The development of such a scenario will mean nothing more than the desire of the leaders of these states to return to their roots. The historical retrospective gives us the opportunity to recall the Jagiellonian concept – the Polish “project” of a confederal state (with the expansion of borders towards Ukraine, Latvia, Lithuania, Belarus, Estonia, Romania, Moldova and Hungary) and the idea of “Great Romania” with the maximum expansion of its borders. The aforementioned controversial appearance of the Hungarian Prime Minister Orban at a football match in Budapest was also taken as a desire to increase the territorial area of ​​Hungary at the expense of neighboring territories. And Polish TV even broadcast a story with an interesting map of the state, in which it was replenished with the western territories of Ukraine.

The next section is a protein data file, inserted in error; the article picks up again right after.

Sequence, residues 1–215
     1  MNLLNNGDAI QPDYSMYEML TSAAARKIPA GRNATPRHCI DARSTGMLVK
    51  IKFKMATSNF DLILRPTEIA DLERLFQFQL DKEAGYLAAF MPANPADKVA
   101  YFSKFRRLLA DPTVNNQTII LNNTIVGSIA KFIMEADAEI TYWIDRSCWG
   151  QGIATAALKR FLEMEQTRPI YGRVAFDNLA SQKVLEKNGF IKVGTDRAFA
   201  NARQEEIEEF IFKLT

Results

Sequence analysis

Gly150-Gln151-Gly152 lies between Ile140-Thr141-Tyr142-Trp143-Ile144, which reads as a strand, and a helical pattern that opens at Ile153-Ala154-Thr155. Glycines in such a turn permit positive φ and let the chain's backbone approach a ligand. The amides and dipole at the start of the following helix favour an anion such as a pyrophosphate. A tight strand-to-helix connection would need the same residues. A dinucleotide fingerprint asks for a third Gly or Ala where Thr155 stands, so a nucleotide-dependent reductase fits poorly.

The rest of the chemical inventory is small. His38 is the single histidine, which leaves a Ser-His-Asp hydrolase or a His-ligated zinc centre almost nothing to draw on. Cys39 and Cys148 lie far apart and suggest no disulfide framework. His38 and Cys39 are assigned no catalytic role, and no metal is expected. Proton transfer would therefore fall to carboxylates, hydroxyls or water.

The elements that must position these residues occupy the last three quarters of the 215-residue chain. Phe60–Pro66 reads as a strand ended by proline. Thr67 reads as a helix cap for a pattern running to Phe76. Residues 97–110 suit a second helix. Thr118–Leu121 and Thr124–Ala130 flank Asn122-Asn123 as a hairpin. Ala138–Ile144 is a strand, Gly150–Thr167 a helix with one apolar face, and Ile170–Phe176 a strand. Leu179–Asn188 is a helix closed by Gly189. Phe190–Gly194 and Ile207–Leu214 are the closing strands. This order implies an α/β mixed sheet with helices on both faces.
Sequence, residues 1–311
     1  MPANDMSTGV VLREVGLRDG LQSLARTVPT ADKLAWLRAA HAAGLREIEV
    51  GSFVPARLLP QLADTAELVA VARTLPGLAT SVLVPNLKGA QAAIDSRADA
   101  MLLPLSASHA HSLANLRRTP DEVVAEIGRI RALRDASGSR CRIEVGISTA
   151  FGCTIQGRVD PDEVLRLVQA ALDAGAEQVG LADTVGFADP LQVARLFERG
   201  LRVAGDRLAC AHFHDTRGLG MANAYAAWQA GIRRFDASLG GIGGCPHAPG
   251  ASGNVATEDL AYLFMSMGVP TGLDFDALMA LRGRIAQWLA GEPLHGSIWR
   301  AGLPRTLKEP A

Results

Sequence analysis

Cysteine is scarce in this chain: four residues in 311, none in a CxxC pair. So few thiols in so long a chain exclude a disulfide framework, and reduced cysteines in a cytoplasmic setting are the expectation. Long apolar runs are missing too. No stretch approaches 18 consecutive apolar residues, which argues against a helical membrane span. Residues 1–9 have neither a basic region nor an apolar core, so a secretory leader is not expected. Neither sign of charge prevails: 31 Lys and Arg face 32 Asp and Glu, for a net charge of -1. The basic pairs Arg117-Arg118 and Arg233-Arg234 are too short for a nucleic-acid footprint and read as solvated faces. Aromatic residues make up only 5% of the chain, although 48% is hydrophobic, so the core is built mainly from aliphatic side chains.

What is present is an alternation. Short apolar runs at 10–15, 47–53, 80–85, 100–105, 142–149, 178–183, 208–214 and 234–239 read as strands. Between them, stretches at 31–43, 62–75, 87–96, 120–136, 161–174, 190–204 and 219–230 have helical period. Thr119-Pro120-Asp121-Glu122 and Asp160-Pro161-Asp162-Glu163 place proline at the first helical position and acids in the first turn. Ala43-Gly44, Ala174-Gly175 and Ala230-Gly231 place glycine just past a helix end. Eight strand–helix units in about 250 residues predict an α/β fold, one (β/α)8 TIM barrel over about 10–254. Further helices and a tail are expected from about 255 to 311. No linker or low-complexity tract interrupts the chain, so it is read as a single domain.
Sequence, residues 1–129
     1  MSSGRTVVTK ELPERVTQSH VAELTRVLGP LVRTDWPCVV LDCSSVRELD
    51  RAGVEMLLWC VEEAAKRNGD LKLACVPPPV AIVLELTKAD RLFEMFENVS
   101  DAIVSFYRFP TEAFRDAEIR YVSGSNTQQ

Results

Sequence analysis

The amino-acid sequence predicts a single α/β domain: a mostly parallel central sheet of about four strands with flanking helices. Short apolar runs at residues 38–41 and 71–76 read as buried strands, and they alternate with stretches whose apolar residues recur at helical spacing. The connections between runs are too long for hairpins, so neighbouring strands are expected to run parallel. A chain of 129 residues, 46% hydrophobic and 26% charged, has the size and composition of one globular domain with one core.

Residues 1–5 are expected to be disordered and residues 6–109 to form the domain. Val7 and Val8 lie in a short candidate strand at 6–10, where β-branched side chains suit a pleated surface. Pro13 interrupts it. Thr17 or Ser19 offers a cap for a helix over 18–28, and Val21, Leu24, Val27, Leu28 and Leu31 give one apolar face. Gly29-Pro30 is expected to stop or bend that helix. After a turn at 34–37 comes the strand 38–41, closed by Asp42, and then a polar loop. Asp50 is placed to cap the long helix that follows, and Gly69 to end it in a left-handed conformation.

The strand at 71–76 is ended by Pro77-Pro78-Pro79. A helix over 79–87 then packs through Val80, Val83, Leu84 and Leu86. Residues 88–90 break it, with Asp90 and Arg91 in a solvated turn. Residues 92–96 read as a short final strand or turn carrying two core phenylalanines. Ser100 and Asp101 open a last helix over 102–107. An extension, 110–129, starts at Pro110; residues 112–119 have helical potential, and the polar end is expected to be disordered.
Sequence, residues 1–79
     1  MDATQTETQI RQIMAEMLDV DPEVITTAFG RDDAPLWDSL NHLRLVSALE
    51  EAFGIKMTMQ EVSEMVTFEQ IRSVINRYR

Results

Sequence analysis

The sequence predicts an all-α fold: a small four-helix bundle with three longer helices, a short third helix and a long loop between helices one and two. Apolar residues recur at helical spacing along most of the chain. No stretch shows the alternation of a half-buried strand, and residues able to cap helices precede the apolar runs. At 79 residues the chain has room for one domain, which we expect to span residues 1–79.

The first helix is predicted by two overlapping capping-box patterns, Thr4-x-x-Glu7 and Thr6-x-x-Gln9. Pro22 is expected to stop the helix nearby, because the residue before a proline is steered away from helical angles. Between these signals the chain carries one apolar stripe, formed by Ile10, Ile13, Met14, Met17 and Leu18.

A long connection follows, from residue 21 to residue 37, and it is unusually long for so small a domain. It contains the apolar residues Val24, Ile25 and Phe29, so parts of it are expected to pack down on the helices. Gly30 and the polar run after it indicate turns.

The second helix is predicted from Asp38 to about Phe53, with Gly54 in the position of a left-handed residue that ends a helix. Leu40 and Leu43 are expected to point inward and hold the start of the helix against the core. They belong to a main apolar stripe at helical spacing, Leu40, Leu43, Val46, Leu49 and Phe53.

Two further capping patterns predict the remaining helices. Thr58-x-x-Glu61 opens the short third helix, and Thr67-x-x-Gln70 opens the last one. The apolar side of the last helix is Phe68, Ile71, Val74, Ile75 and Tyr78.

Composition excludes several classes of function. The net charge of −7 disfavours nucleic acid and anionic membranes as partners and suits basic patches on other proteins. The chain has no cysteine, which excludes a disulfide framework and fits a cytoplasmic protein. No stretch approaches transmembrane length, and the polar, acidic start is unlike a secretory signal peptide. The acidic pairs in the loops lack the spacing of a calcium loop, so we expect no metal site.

While we are preparing to observe the embodiment of the principle of the cyclical nature of history, let’s talk about what should worry the world democratic community today. The notorious democratic inclusiveness and culture of diversity does not work in Ukraine. Volodymyr Zelensky may not be the greatest strategist and wise politician, but he still has a remarkable acting talent. Otherwise, how can one explain the genius in which a real autocrat and fascist hides under the mask of a “holy champion of democracy”?


The statements, views and opinions expressed in this column are solely those of the author and do not necessarily represent those of this site. This site does not give financial, investment or medical advice.